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Abstract for carr_thesis

PhD Thesis, Department of Electrical and Electronic Engineering, University of Canterbury, Christchurch, New Zealand


Jonathan C. Carr

February 1996

This thesis addresses two problems in medical imaging, the development of a system for 3D imaging with ultrasound and a system for making titanium prostheses for cranioplasty. Central to both problems is the construction and depiction of surfaces from volume data where the data is not acquired on a regular grid or is incomplete.

A system for acquiring 3D pulse-echo ultrasound data using a conventional 2D ultrasound scanner equipped with an electro-magnetic spatial locator is described. The non-parallel nature of 2D B-scan slices acquired by the system requires the development of new visualisation algorithms to depict three dimensional structures.

Two methods for visualising iso-valued surfaces from the ultrasound data are presented. One forms an intermediate volume reconstruction suitable for conventional ray-casting while the second method renders surfaces directly from the slice data. In vivo imaging of human anatomy is used to demonstrate reconstructions of tissue surfaces. Filtering and spatial compounding of scan data are used to reduce speckle.

Pulse-echo ultrasound primarily depicts tissue boundaries. These are characterised by incomplete acoustic interfaces contaminated by noise. The problem of reconstructing tissue interfaces from ultrasound data is viewed as an example of the general problem of reconstructing an object's shape from unorganised surface data. A novel method for reconstructing surfaces in the absence of a priori knowledge of the object's shape, is described and applied to 3D ultrasound data. The method uses projections through the surface data taken from many viewpoints to reconstruct surfaces. Aspects of the method are similar to work in computer vision concerning the determination of the shape of 3D objects from their silhouettes. This work is extended by considering the reconstruction of incomplete objects in the presence of noise and through the development of practical algorithms for pixel and voxel data. The reconstruction of realistic, non-convex objects is considered. 2D and 3D ultrasound data derived from phantoms, as well as artificial data, are used to demonstrate reconstructions.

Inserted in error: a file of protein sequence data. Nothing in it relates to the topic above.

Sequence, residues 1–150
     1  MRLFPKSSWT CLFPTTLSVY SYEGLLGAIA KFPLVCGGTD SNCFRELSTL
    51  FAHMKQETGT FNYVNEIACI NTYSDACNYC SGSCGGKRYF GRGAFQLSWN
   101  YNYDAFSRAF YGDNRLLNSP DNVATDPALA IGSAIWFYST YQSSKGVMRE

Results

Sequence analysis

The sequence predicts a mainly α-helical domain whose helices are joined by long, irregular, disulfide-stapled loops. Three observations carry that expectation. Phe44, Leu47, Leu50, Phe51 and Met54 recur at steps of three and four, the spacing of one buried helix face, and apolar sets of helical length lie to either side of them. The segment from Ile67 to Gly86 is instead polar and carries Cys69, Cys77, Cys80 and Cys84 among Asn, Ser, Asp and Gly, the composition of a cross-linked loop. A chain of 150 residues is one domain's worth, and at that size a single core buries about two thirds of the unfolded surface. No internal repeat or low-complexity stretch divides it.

The second problem studied in this thesis concerns designing cranial implants to repair defects in the skull. Skull surfaces are extracted from X-ray CT data by ray-casting iso-valued surfaces. A tensor product B-spline interpolant is used in the ray-caster to reduce ripples in the surface data due to partial voluming and the large spacing between CT slices. The associated surface depth-maps are characterised by large irregular holes which correspond to the defect regions requiring repair. Radial basis function approximation is introduced as a method of interpolating the surface of the skull across these defect regions. The fitted surface is used to produce CNC milling instructions to machine a mould in the shape of the surface from a block of hard plastic resin. A cranial implant is then formed by pressing flat titanium plate into the mould under high pressure in a hydraulic press.

The system improves upon current treatment procedures by avoiding the manual aspects of fashioning an implant. It is also suitable when techniques which use symmetry to reconstruct the skull are inadequate or not possible. Radial basis function (RBF) approximation has previously been restricted to problems where the number of interpolation centres is small. The use of newly developed fast methods for evaluating radial basis interpolants in the surface interpolation software results in a computationally efficient system for designing cranial implants and demonstrates that RBFs are potentially of wide interest in medical imaging and engineering problems where data does not lie on a regular grid. The system has been successfully used to treat patients at Christchurch Hospital.

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